I have been asked by a few people “in the know” (e.g. people who are closely associated in one way or the other with DS): “And how do you feel about your grandson having Downs Syndrome? ... How are you about it? … Because it can be an issue with some grand-parents, you know, older generation, different view on things…”
So let’s thrash this out.
The first thing I saw of Cathal was what I called his “Slanty Eyes” – a totally inappropriate description, I agree, but I make no apology for it, this was, at the time, the only way I could describe what I was seeing. Before I even came face-to-face (or should I say face-to-incubator?) with him, the first photos taken of him confirmed to me that yes, no doubt about it, this baby has Down Syndrome. End of! Next! Oh yes, his heart, far more important here, life threatening and all that, let’s cope with this first.
It might have been denial of the simple reality before me, it might have been the sheer shock I had (we all had) received.
When I went home later that night, I made all the calls to France to drop the bombshell that all was not well, that actually it was quite serious, and all that... I must confess that I did not know the French word for DS, it had never come up for me (and this is the language I grew up with???). The only way I could explain it was by using a word that I felt was totally inappropriate, yet I had nothing else, the “M” word! (turns out that DS in French is “Trisomie Vingt-et-un (21)”. Simple when you know!)
I then felt that I needed to “check things out” there and then. So in the early hours of the morning, I went on the net and researched Down Syndrome… Hmmm, a lot of info, too much info for me to process, and yet not enough. Along the path of life, I had acquired the over simplistic knowledge that DS = mental disability. That was about the sum of my education in this subject matter. And that night I found all kinds of stuff like deafness, poor eye sight, slow development, heart defects (HEART DEFECTS? Tick), weak muscle tone, thyroid issue (Oh! shite,this is serious! It goes beyond mental disability) and a description of notable physical features – and here come the “Slanty Eyes” again.
After the initial shock and a couple of days spent in Crumlin, trying to decipher this “heart defects” business, and relay the information to France as accurately as I could understand it, we all fell into a pattern. I was concerned about my daughter’s own health (after all, she had just given birth) and the Dad’s energy levels (after all, he had just been promoted to Dad-hood with a Bang), I offered to go to Crumlin early morning every day, to give the new parents a chance to catch up on sleep, and stay there until they were ready to come in late morning / noon. Then I could go to work and do my day’s contribution to “Ireland Inc.” – Here, a big Thank You is due to Mister Boss, who was superb and accommodated me so much! – And a big Thank You to the Mammy and the Dad for trusting me, and allowing me time alone with Cathal, those mornings were so precious.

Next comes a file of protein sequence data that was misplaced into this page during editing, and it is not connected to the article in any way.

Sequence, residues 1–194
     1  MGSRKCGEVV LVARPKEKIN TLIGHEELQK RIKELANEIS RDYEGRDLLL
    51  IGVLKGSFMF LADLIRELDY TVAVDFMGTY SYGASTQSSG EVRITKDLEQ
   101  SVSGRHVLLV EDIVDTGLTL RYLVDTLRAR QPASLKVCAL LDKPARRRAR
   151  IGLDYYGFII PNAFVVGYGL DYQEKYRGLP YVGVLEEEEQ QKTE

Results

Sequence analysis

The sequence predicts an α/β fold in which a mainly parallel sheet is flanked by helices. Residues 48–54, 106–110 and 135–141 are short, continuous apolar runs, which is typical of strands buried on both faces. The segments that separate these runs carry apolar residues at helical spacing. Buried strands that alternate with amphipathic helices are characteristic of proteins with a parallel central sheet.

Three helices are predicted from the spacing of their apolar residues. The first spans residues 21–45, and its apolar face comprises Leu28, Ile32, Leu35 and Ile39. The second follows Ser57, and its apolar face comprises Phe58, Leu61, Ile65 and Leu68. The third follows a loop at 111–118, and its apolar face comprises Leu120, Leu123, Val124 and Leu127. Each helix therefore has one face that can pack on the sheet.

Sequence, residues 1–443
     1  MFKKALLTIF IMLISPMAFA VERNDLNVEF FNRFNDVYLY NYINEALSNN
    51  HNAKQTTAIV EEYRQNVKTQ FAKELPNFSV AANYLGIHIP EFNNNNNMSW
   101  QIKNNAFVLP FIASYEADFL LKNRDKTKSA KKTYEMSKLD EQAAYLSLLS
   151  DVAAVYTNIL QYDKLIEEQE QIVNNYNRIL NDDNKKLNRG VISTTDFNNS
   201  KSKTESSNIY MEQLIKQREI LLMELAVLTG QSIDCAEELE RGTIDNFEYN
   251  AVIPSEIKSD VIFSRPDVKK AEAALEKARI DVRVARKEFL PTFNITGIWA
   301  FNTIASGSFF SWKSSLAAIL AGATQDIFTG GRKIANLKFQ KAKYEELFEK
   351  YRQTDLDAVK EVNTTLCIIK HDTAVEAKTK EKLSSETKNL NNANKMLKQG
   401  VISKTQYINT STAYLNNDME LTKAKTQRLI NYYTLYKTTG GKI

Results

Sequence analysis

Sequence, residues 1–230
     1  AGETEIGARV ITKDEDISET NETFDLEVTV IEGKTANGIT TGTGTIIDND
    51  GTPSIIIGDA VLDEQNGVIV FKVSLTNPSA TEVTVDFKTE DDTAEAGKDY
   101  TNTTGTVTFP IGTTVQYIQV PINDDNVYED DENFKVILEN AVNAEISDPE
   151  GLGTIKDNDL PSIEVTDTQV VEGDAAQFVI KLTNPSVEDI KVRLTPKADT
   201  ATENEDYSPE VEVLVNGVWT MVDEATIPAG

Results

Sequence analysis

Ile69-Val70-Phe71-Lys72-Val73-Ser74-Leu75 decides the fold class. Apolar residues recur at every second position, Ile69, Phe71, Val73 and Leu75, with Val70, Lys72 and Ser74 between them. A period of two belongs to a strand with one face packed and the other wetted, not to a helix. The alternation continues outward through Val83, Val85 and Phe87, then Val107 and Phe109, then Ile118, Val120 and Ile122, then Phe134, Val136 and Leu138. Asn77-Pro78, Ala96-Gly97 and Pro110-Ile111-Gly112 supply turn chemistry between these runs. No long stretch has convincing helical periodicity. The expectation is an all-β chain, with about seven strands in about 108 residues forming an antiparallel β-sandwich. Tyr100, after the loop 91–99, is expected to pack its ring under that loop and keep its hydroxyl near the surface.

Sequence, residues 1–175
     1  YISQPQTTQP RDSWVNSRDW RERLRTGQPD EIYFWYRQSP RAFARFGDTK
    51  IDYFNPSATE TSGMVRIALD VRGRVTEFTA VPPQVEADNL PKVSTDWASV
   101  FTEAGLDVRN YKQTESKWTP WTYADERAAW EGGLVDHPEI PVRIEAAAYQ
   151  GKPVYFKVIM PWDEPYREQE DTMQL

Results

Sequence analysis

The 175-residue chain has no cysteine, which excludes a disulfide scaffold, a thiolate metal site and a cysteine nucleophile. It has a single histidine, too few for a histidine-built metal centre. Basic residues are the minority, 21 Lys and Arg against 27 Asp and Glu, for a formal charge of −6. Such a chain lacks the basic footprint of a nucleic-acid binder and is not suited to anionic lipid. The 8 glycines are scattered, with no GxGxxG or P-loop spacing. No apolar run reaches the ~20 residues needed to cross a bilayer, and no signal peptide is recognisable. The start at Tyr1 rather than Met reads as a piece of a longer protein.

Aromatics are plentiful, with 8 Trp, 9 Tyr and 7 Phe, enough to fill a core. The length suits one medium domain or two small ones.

So there I arrive one morning, around 7.30 am (to beat the bloody Dublin morning traffic!). Cathal at this stage is about 4 or 5 days old. He is sleeping nicely in his cot. I check the chart to see what happened during the night, I look at him, pick him up when he wakes up, feed him Mammy’s milk in a bottle, change him, hold him, hug him, sing to him . . . the usual bounding process. And suddenly I realise it: I had not seen the Slanty Eyes since I had come in. . . For the last few hours, I had seen Cathal, my beautiful Little Prince Cathal. Not DS and ITS features, but the child, with HIS individual features. This marks my total acceptance of who Cathal is, with among other things: DS, messed-up heart, gentle smiles, loud screams, soft skin, lovely smell of his head, kissable neck, bleu eyes, spiky hair, enquiring looks, peaceful sleepy breathing.
Just after Cathal’s birth, I rung a friend of mine to give her ALL the news. Coming to the end of the conversation, she said: “ just one little thing for you to bear in mind: don’t say that Cathal is a Down Syndrome baby, but rather that he has Down Syndrome”. I did not quite understand what she meant until that morning (thank you “Katecourt” for pointing me in this direction)
I have (kinda) gone back only once: when he started smiling, I pulled out one of the books I got on DS, and checked how much “off target” he was compared to “normal” children. I know that on the day I needed to reassure myself that it was not “too bad”! Now this has become totally irrelevant, and I naturally rejoice at every one of his exploits, just because my Little Prince cannot do anything but Great Things. He wins Gold for every one of his discoveries.
Life is so much simpler this way!
Eyes? What eyes? I am just a two week old Cutie-pie!
The eyes of a future Super Star - aged almost five months